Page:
The decision to appoint a director of football was, in my opinion, correct. The initial appointment, how it came about and the strategic thinking and direction were far different though. In the early summer of 2016 the club chased every top candidate across Europe – for whatever we lacked in strategy, ambition was high. However leading candidates like Monchi failed to be convinced (Brands was also approached but for him the timing was wrong) and by mid July we settled on Steve Walsh, a scout with a great reputation for unearthing talent and a fundamental part of Leicester City’s stunning Premier League title win. However, cast into a poorly defined role at Everton and with three others (Moshiri, Kenwright and Koeman) directing their own transfer strategies, with hindsight it is not surprising that the results of spending huge sums, paying inflated salaries and disposing of Everton’s established star assets created a less effective and unbalanced playing squad.
The subsequent appointment of Brands, an experienced director of football with proven abilities and enviable success on and off the pitch has, to date, not yielded immediate dividends. However, his to do list is significant. Re-structuring the academy, integrating the U-23 side as a feeder for the first team, re-balancing a very poor and expensive squad takes time. The difficult market conditions in the Covid-19 era and Everton’s stretched finances further complicate matters, but working alongside Ancelotti in a disciplined manner, reducing the influence of the board and Moshiri in transfer decisions remains the only solution to Everton’s appalling recruitment policies in the last 4 years.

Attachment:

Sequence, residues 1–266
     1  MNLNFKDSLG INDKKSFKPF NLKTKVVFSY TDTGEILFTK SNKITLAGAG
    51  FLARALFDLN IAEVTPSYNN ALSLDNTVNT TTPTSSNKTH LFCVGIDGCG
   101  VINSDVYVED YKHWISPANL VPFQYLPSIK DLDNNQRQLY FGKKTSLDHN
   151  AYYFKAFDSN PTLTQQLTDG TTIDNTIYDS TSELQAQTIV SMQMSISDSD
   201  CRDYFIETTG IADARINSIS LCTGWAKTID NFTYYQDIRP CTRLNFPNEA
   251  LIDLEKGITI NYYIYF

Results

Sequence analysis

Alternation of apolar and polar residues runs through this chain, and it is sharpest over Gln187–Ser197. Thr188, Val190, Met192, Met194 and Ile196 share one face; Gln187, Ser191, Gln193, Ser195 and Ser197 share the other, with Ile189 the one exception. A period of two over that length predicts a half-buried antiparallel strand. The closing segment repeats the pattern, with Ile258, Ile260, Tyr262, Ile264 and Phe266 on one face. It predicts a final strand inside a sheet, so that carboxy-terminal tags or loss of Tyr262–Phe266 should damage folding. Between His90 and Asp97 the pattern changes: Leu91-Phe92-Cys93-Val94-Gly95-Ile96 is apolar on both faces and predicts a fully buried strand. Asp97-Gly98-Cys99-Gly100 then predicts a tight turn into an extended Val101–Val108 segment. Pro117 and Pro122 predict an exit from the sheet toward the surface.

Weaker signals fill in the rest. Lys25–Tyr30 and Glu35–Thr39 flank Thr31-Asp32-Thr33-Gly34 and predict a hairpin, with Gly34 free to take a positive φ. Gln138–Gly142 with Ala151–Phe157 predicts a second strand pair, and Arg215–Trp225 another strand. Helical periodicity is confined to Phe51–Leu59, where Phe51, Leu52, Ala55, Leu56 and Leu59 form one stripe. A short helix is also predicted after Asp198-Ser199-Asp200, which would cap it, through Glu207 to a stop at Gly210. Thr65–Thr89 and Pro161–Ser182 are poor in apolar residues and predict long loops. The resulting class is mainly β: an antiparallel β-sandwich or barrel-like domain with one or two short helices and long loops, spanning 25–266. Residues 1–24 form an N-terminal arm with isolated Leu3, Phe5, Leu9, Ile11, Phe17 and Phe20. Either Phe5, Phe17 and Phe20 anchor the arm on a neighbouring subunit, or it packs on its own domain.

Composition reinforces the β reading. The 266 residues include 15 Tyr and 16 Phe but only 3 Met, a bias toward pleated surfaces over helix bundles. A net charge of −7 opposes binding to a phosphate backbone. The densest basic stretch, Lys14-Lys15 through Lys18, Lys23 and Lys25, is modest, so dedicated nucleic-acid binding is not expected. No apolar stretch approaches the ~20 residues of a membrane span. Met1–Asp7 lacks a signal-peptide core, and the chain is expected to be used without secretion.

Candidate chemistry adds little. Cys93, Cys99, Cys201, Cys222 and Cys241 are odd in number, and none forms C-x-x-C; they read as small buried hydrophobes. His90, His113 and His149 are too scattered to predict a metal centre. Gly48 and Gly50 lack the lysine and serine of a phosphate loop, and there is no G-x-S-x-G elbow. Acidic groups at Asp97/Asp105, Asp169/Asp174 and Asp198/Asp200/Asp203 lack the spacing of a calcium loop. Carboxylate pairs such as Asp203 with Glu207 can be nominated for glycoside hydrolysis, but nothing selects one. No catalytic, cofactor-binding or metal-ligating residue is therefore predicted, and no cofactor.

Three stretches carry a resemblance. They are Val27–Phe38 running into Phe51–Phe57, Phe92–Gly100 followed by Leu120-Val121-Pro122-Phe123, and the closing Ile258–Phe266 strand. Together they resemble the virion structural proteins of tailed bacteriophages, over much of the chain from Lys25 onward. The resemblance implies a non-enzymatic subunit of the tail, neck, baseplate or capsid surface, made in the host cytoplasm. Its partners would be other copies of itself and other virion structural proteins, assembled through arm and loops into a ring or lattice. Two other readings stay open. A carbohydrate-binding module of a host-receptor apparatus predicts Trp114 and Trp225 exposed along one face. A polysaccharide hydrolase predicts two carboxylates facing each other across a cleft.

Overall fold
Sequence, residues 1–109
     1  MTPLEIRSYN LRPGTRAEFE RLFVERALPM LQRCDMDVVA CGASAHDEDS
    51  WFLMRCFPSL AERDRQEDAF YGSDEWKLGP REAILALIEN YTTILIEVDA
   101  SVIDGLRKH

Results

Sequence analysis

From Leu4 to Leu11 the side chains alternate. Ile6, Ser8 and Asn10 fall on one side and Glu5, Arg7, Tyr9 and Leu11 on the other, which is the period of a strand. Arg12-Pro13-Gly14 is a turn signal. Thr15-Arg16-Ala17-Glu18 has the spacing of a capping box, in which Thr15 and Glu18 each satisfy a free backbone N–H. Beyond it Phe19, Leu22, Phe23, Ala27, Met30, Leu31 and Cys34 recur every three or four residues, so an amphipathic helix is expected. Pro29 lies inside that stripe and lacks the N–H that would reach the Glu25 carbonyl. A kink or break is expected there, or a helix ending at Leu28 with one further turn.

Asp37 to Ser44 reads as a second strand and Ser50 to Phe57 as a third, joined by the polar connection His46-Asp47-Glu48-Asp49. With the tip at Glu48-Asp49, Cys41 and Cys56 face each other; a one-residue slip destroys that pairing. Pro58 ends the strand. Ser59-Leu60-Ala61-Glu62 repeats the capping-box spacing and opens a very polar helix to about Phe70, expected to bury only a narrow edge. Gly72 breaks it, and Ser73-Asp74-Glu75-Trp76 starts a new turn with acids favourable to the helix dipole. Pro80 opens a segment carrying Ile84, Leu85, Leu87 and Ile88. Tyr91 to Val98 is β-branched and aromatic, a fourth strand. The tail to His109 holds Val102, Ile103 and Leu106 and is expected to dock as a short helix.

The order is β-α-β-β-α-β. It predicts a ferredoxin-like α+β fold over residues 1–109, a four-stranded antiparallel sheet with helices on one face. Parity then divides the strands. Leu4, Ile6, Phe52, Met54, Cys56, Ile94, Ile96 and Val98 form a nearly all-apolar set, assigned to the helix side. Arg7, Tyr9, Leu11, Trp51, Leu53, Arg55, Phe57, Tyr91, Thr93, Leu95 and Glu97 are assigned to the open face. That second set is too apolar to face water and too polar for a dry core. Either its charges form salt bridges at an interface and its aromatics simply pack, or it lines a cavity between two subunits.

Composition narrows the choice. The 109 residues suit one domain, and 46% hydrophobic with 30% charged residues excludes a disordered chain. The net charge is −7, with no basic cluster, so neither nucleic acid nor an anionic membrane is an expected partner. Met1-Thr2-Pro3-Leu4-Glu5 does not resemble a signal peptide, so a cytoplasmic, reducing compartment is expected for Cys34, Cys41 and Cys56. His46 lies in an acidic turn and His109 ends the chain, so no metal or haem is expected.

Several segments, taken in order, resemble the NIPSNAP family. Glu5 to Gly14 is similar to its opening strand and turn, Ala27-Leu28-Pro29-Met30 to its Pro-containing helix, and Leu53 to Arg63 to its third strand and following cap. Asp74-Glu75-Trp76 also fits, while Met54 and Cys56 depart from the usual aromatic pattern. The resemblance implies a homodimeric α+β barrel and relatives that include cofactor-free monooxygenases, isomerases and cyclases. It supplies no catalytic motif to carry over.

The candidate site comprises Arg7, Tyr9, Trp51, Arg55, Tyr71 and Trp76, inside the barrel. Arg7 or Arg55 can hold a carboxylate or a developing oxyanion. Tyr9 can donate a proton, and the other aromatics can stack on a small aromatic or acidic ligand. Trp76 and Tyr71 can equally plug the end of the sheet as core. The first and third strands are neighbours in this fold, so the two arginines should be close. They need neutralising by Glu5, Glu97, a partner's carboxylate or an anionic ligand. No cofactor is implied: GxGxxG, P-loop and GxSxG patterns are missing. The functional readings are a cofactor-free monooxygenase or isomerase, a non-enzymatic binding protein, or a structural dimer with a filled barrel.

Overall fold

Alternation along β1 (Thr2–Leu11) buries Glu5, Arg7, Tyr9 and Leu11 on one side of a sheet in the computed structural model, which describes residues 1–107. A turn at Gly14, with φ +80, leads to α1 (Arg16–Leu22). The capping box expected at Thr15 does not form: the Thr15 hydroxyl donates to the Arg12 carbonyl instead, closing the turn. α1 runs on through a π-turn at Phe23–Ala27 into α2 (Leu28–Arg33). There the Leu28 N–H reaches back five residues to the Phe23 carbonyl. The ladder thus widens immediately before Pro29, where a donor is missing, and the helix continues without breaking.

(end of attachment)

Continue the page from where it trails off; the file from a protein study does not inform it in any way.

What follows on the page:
|Director of Football||Appointed||Dismissed|
Transfer Activity under Moshiri
Much has been written about Everton’s transfer business since 2016, and I don’t propose to add much other than to list the major transfers and make the following point:
We have spent £458 million, recouped £266.7million and we have seen our wage bill increase from £84 million to £160 million (end June 2019) in 4 years. Yet, in its entirety, we have an extremely weak squad with many underperforming and unsuitable players. The true legacy of serious mismanagement.
Board changes under Moshiri
One of the most confusing aspects of Moshiri’s time with the club is his failure to really address the board composition. There have been changes naturally, Earl left with his shareholding having been sold, Ryazantsev appointed principally as the finance man but with an extended portfolio now including commerce. Keith Harris came and went. Given his experience with the Wembley stadium construction he was thought the ideal candidate to lead the search for funding of the new stadium. Unsurprisingly, he failed to deliver on this and left the club. Robert Elstone left for new pastures and his true love, Rugby League.